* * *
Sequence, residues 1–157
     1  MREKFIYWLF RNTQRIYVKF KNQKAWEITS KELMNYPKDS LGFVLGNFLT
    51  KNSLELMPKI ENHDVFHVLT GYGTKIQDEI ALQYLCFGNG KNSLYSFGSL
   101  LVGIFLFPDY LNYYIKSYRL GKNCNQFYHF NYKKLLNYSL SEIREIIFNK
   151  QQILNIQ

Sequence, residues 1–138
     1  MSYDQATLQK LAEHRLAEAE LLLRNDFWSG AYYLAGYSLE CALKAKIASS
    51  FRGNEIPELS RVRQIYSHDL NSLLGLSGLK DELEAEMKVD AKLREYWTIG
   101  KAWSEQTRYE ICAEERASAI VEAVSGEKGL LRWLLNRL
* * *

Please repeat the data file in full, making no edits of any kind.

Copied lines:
Sequence, residues 1–157
     1  MREKFIYWLF RNTQRIYVKF KNQKAWEITS KELMNYPKDS LGFVLGNFLT
    51  KNSLELMPKI ENHDVFHVLT GYGTKIQDEI ALQYLCFGNG KNSLYSFGSL
   101  LVGIFLFPDY LNYYIKSYRL GKNCNQFYHF NYKKLLNYSL SEIREIIFNK
   151  QQILNIQ

Sequence, residues 1–138
     1  MSYDQATLQK LAEHRLAEAE LLLRNDFWSG AYYLAGYSLE CALKAKIASS
    51  FRGNEIPELS RVRQIYSHDL NSLLGLSGLK DELEAEMKVD AKLREYWTIG
   101  KAWSEQTRYE ICAEERASAI VEAVSGEKGL LRWLLNRL